As described above, the first player loses if $N$, the initial number of marbles, is a Fibonacci number, and wins for any other integer $N > 1$. Proof follows.
First, a definition.
The remainder of any integer $k$ is the smallest entry in a list of distinct non-consecutive Fibonacci numbers that add up to $k$. (For Fibonacci numbers, the remainder of $k$ is $k$.)
Proof of uniqueness: Find the largest integer $i$ such that $F(i) \leq k$. Start the list with $F(i)$. Then iterate by finding the list for $k - F(i)$. Note that at each step, you must be skipping a Fibonacci number, since $F(i) + F(i-1) = F(i+1)$. Thus, if $F(i)$ and $F(i-1)$ would be in the list, then both numbers should be excluded and $F(i+1)$ included, instead.
This process provides a deterministic formula for finding the list of non-consecutive Fibonacci numbers that add up to $k$. Since the ratios of non-consecutive Fibonacci numbers is always $\geq 2$, finding a second list that adds up to the same $k$ would be equivalent to (harder than) finding two distinct binary expressions for the same positive integer, which is impossible.
Strategy: If you see $N$ marbles in front of you, determine the unique list of non-consecutive Fibonacci numbers that add up to $N$, the smallest of which is the remainder of $N$. If you are allowed to remove the remainder number of marbles, do so, and you will win. If you cannot, you will lose, no matter what you do.
This strategy works because if you make the list shorter on your turn by removing the remainder of the current number of marbles, your opponent will not be able to make the list shorter on their turn, and if you do not make the list shorter on your turn, your opponent will be able to make the list shorter on their turn.
Proof: If you remove the remainder, $F(i)$, then you make the list shorter. Either you win immediately (because there was only one entry in the list), or the remainder of the new number of marbles at least $F(i+2) = F(i) + F(i+1) > 2*F(i)$. (Detail: while $F(3) = 2 = 2*F(1)$, you could not have both those entries in the list, as they would be replaced with $F(4) = 3$). Thus, if you make the list shorter, your opponent will never be able to make the list shorter on their next turn.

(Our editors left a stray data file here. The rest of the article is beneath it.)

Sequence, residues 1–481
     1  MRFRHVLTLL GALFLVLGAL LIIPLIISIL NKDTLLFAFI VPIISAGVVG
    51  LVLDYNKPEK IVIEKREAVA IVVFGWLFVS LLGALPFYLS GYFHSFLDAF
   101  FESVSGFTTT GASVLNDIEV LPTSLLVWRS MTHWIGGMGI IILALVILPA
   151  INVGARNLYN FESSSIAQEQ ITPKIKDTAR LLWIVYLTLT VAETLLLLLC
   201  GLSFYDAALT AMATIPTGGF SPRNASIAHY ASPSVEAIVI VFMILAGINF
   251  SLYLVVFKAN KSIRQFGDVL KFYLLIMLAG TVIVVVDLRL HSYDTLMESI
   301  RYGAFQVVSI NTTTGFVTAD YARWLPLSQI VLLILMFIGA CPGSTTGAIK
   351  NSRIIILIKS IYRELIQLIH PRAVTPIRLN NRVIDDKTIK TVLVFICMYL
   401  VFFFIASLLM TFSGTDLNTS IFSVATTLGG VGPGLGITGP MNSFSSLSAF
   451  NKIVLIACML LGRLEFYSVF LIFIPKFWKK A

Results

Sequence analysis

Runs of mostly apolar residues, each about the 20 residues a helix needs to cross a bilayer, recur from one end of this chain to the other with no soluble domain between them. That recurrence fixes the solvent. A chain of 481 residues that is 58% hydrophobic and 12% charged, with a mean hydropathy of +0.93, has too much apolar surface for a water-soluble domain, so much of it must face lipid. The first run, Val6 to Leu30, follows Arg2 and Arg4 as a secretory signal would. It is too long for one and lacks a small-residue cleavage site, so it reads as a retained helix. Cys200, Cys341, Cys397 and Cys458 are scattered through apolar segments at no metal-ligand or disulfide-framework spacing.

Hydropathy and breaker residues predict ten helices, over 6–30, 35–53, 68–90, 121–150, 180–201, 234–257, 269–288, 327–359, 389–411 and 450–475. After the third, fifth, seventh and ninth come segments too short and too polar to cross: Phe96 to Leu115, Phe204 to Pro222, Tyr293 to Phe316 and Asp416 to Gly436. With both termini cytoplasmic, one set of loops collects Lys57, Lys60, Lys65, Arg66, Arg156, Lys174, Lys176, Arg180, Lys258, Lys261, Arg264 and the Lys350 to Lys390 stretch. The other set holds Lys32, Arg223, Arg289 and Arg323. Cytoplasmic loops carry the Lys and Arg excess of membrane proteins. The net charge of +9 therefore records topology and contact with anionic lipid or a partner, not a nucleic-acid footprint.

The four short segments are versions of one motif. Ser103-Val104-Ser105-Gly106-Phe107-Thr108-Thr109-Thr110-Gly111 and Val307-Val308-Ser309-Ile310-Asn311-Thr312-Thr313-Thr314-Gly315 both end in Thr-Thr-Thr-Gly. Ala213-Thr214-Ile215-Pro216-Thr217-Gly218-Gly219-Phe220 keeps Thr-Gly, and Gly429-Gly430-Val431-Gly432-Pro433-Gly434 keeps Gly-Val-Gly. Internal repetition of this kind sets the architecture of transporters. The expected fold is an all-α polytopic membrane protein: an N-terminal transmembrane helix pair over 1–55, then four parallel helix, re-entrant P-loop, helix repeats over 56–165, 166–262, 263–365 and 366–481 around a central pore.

If, however, you cannot shorten the list, then you must remove some number of marbles $k$ less than the remainder of $N$. Let $F(i)$ be the remainder of $k$. The remainder of $N - k$ will always be either $F(i+1)$ or $F(i-1)$. This is because if $a+b=c$ (all positive integers), then the only way the remainder of $c$ can be greater than the remainders of both $a$ and $b$ is if the remainders of $a$ and $b$ are consecutive Fibonacci numbers. Otherwise, when you combine the sequences, the smaller remainder will always be left behind.
Note, also, that the ratio of two Fibonacci numbers is always $\leq 2$. Thus, if you remove $k$ marbles from $N$, where $k$ is less than the remainder of $N$, then the remainder of $N-k$ will be the next Fibonacci number higher or lower than the remainder of $k$. Since the remainder of $k$ cannot be greater than $k$, the remainder of $N-k$ must be less than or equal to $2k$. Thus, your opponent can always remove the remainder of $N-k$, shortening the list.
Thus, the only time you cannot win is if you cannot remove the remainder of the initial number of marbles $N$. This only occurs when $N$ is a Fibonacci number. For any other positive integer, you have a winning strategy.